“There's only been one governor [in Texas] ever elected to back-to-back four-year terms, and that was me.” George W. Bush, 2000
“I have met decisions over 800 times on matters which affect not only the domestic security of the United States, but as a member of the Senate Foreign Relations Committee.” John F. Kennedy, 1960
But, how can we know if any prior experiences matter for a candidate once in office? Perhaps it is best to begin by thinking more generally about “experience.” If we needed to hire an employee, what prior experiences would we seek? The most likely answer is prior experience that matches the new job. So, if we were hiring a pizza chef, we would want to hire someone who had previously made pizza. Likewise, we would also want to avoid prior experiences that clashed with the new job; we would not hire a barbeque pit master because that person might inappropriately apply lessons from their previous job into the pizza kitchen. In sum, prior experiences similar to the new job are likely to lead to success, while prior experiences dissimilar to the news task are likely to lead to failure. This logic is intuitive, and a long line of studies supports this reasoning.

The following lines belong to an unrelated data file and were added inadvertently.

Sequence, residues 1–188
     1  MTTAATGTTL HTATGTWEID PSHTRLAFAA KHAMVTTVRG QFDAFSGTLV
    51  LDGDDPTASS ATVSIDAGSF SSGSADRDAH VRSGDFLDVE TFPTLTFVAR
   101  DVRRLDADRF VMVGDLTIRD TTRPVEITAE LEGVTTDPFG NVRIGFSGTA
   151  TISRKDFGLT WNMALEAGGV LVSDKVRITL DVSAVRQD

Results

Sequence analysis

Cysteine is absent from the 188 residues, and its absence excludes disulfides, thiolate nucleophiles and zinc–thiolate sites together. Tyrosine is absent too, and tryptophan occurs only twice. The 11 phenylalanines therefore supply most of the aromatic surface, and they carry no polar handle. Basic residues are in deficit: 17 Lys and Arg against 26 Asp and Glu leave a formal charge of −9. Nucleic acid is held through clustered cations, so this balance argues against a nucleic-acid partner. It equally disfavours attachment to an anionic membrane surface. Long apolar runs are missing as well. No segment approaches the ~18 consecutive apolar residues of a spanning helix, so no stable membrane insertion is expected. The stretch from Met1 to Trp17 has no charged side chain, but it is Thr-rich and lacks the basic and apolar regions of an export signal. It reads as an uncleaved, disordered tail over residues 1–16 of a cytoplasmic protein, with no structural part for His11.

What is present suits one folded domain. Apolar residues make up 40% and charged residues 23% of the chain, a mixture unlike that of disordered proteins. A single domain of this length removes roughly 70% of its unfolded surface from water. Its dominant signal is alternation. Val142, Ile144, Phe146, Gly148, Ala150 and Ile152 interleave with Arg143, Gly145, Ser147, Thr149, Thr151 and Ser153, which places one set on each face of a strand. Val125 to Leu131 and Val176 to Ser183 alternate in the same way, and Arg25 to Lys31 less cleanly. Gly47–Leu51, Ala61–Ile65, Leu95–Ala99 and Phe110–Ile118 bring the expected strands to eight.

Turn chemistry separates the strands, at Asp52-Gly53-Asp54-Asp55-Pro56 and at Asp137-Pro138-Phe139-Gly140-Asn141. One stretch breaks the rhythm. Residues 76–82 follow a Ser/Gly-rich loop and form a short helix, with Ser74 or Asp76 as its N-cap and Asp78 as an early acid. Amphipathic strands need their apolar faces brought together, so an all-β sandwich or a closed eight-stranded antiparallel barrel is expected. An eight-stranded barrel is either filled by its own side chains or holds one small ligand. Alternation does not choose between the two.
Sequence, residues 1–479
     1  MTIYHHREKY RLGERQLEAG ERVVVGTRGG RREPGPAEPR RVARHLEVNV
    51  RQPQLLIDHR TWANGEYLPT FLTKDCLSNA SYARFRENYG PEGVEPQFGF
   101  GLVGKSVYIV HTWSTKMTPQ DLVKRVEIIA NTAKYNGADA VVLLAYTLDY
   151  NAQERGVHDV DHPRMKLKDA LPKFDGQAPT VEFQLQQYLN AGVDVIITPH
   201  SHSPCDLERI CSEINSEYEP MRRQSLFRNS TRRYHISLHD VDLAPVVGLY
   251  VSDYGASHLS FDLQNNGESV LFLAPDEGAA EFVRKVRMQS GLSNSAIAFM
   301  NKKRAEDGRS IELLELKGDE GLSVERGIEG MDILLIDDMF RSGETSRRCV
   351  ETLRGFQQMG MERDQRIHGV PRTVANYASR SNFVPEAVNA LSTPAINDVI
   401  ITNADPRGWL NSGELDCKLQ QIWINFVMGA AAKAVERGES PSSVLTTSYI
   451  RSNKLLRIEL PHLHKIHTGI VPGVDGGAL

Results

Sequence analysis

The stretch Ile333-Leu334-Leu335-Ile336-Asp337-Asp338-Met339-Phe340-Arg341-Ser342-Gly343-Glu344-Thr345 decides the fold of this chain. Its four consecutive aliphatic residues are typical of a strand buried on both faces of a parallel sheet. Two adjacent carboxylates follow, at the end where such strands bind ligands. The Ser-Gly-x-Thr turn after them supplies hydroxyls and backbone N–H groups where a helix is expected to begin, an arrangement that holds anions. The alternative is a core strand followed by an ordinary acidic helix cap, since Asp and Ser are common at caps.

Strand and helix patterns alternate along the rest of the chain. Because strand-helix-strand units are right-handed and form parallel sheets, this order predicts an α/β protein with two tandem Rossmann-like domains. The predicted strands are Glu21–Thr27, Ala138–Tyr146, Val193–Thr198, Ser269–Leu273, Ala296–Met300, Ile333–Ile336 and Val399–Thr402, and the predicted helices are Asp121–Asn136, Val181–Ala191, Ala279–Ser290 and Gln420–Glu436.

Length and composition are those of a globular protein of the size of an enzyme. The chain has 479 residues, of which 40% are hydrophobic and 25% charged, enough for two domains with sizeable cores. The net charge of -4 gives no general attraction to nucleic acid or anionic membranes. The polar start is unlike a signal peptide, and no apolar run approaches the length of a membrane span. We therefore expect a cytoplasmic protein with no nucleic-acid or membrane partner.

Let’s move away from the pizza parlor and back to the White House. What prior experiences are similar to serving as president, and which are dissimilar? We know that the presidency is an executive position and that the president’s first stated duty in the Constitution is to serve as commander-in-chief of the armed forces. Thus, we might focus on candidates with gubernatorial and military experience. With this in mind, we designed a study to test this line of reasoning.